Moreover as per the schedule 3 of the land registration act 2002, third party purchaser automatically bind by the overriding interest although the third party cannot determine the person who has the overriding interest on the land by inspecting the register of title or in fact that the third party purchaserdoes not actually know about the existence of overridinginterest on the land. On the registered land, the pressure is built on the purchaser to identify whether, on the land, any person has overriding interest.  In case of Buckinghamshire County Council v Moran it has been cited that”In case a person claims or utilizes a land by license of owner as well as through paper title than same cannot be treated as adverse possession against the owner of paper title.”Through the enquiry or physically investigation the purchaser of the land has to identify the overriding interest before the acquiring land. Therefore the burden diminishes the absolute certainty which is the main objective of all the registered system.
However, the approach of the overriding interest sometimes leads to pressure under the land registration act. Earlier, the duty to make the donation to the repair related with the chancel church create the overriding interest, however from the October 2013, the purchaser will be bind on the chancel repair liability only if the liability is registered with the title for that land. Due to this, it has been analysed that the land registration act is proficient of supposing receivers of overriding interest to safeguard theirinterest by way of registration. Moreover, the same concept should be applicable in case of franchises and rights related to the mines and minerals in land registered before 1898;however, now it became very old.  “Factual possession represents significant degree of physical control. Thus, the owner of the land and individual intruding for land cannot be in possession of the land at same time. Moreover, attempting for factual possession can be stated as   that alleged processor has been dealing with land in question”.All the rights should be registered under the land registration act otherwise overriding interest is defeated.
Conclusion
On the basis of the above analysis, it has been seen that overriding interest provide the several benefits to the person even if the title of the land is not registered on his/her name. Although in some cases overridinginterest is beneficial for the community, however sometimes it may lead to a negative impact on the person who has the title of the land. Further, it is very difficult for the person who is purchasing the land, identifying the person who possesses the overriding interest in the land. Due to this difficulty, the government impose the various requirements through which the purchaser enable to evaluate the overriding interest on the land. The government also try to make the balance between the interest of the land and occupier of the land.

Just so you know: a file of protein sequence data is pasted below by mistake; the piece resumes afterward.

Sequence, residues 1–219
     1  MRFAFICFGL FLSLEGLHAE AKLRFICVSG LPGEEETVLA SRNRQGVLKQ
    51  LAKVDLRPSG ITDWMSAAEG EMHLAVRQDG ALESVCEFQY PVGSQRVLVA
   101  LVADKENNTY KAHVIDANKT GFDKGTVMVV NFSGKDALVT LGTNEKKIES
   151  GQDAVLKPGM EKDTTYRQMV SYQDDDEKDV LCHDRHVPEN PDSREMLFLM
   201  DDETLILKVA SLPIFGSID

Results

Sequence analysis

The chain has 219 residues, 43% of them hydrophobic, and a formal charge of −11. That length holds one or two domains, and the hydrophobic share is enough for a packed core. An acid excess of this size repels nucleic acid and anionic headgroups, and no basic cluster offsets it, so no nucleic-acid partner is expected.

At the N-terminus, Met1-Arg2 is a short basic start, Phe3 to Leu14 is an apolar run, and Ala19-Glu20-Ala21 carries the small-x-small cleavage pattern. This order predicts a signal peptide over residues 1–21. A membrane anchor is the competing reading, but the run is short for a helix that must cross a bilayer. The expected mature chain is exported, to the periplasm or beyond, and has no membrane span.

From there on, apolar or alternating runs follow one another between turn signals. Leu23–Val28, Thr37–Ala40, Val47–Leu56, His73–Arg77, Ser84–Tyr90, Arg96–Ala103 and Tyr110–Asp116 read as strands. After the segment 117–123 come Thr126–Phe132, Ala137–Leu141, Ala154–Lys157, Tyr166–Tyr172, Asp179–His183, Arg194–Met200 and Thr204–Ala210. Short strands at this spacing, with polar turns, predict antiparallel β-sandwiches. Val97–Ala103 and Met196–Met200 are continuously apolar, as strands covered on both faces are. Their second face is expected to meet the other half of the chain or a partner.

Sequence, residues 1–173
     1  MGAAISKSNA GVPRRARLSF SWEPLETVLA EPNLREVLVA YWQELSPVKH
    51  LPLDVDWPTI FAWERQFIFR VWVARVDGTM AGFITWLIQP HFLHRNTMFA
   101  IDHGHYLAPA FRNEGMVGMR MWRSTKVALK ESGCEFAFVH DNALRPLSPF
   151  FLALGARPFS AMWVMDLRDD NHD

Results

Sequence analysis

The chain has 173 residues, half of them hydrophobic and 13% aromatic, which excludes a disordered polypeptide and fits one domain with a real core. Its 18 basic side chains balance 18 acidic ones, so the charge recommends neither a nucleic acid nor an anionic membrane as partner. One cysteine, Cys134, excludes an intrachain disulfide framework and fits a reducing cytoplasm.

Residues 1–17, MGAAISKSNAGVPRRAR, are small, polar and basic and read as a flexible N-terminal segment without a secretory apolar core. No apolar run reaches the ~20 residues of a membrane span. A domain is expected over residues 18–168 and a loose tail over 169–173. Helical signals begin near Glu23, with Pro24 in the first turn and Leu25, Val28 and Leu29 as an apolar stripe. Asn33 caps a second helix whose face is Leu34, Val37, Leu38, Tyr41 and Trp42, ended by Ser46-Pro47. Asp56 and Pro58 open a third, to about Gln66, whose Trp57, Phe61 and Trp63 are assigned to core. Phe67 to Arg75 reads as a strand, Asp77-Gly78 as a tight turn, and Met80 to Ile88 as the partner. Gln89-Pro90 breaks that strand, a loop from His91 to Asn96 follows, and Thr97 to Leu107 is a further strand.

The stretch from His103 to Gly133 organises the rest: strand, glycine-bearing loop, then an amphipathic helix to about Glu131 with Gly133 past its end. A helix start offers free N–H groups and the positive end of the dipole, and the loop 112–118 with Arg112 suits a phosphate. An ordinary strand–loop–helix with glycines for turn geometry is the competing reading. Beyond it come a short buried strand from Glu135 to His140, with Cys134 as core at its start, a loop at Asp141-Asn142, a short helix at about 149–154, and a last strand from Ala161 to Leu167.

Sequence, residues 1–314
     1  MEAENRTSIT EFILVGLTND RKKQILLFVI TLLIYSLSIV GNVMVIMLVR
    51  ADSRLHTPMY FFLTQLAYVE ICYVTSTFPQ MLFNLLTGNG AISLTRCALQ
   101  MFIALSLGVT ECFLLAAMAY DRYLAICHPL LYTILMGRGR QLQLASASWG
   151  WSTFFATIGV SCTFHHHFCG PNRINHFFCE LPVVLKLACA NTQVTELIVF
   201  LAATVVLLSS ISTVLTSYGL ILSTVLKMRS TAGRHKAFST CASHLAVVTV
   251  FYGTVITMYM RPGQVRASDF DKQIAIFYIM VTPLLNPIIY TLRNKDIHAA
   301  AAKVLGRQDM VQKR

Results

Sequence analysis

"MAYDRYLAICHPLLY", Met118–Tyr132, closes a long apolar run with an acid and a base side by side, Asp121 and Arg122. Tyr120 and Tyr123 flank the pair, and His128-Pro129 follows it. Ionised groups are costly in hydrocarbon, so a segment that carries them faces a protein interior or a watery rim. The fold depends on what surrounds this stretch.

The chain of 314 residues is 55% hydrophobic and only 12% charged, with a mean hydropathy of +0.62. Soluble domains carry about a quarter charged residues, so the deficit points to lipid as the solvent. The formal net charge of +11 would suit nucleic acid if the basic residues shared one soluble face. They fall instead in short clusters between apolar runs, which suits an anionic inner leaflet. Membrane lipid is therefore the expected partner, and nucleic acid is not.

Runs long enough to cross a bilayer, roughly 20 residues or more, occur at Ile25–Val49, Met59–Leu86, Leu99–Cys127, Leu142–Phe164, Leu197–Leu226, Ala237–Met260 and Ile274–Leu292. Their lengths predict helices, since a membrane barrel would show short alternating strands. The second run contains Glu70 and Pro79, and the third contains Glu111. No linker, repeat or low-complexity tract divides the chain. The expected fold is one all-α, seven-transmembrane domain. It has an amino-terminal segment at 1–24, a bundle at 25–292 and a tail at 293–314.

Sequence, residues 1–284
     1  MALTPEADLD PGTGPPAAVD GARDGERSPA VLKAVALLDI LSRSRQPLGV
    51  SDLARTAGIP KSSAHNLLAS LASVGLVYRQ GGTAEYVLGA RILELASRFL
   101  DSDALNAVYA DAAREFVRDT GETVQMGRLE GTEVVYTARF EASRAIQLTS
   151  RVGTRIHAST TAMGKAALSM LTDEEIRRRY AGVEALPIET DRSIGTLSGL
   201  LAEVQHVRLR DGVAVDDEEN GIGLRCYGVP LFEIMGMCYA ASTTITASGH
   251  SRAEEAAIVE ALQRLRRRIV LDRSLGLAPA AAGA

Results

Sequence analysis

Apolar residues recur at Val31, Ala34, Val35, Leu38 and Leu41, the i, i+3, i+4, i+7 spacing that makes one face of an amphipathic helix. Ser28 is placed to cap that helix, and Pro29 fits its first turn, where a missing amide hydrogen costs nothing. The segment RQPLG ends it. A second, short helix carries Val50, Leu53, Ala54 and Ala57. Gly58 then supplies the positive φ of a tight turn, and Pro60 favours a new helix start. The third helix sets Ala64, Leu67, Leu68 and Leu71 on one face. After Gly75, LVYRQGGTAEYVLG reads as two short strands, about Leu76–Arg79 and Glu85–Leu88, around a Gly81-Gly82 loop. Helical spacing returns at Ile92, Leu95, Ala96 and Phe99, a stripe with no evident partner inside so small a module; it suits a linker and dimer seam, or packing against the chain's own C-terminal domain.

References
‘Overriding Interests in Registered Land’. (2015) accessed 18 November 2018
‘Still an Overriding Concern’.(2016) accessed on 18 November 2018
Abbey, R. and Richards, M.B., A practical approach to conveyancing. (Oxford University Press 2017).
Alden Wily, L. ‘Collective Land Ownership in the 21st Century: Overview of Global Trends. Land’, (2018) 7(2), P.68.
Banfield, A. Stapleton’s real estate management practice. (Estates Gazette 2014)
Bazinas, S.V. and Akseli, O.  International and Comparative Secured Transactions Law: Essays in Honour of Roderick A Macdonald. (Bloomsbury Publishing 2017).
Blomley, N., ‘Land use, planning, and the “difficult character of property’  Planning Theory & Practice (2017) 18.3:p 351-364.
Bogusz, B. and Sexton, R.,  Complete Land Law: Text, Cases, and Materials. (Oxford University Press, USA, 2015).
Boone, C., ‘Legal empowerment of the poor through property rights reform: Tensions and trade-offs of land registration and titling in sub-Saharan Africa'[2018]. The Journal of Development Studies, pp.1-17.
Bray, J., . Unlocking land law. (Routledge 2016).
Clements, R. and Abass, A.,  Complete Equity and Trusts: Text, Cases, and Materials. (Oxford University Press 2018).
Cooper, S. and Lees, E., 2017. ‘Interests, powers and mere equities in modern land law’ [2017]. Oxford Journal of Legal Studies, 37(2), PP435-460.
Cowan, D., O’Mahony, L.F. and Cobb, N., Great Debates in Land Law. (Macmillan International Higher Education 2016)
Davys, M.,  Land Law. (Macmillan International Higher Education 2017).
Finchett-Maddock, Lucy. Protest, property and the commons: performances of law and resistance.(Routledge, 2016).
Gardner, S. and MacKenzie, E.,  An Introduction to Land Law. (Bloomsbury Publishing 2015).
Gullifer, L., and OrkunA.,  Secured Transactions Law Reform: Principles, Policies and Practice. (Bloomsbury Publishing, 2016).
Hetherington, P., Whose Land is Our Land?: The Use and Abuse of Britain’s Forgotten Acres. (Policy Press 2015).
LaFrance, M., Lange, D.L. and Myers, G.,  Intellectual Property: Cases and Materials. (WEST ACADEMIC PUBLISHING 2018).
Malcolm, R., Concentrate Questions and Answers Land Law: Law Q&A Revision and Study Guide. (Oxford University Press 2018).
McFarlane, B., Hopkins, N. and Nield, S., Land law: text, cases, and materials. (Oxford University Press, USA 2015).
Parsons, G., The glossary of property terms. (Estates Gazette 2015).
Pawlowski, M. and Brown, J., ‘Adverse possession and the transmissibility of possessory rights-the dark side of land registration?'[2017].
Sampson, J., ‘ESTOPPEL AND THE LAND REGISTRATION ACT 2002′[2016]. The Cambridge Law Journal, 75(1) p.21-24.
Sawyer, C. and Spero, M.,  Succession, Wills and Probate. (Routledge 2015).
Sayles, V.,  Land Law. (Oxford University Press 2016).
Smith, R., 2015. Forgeries and indemnity in land registration. [2015] The Cambridge Law Journal, 74(3), p.401-405.
Thompson, M.P. and George, M., Thompson’s Modern Land Law. (Oxford University Press 2017)
Turner, E., ‘Developing brownfield land: Arguments for a more active local state’ [2016]. Journal of Building Survey, Appraisal & Valuation, 5(3), p 230-239.
Wily, Liz Alden, ‘The Law and Land Grabbing: Friend or Foe?.’Law and Development Review 7.2 (2014): p 207-242.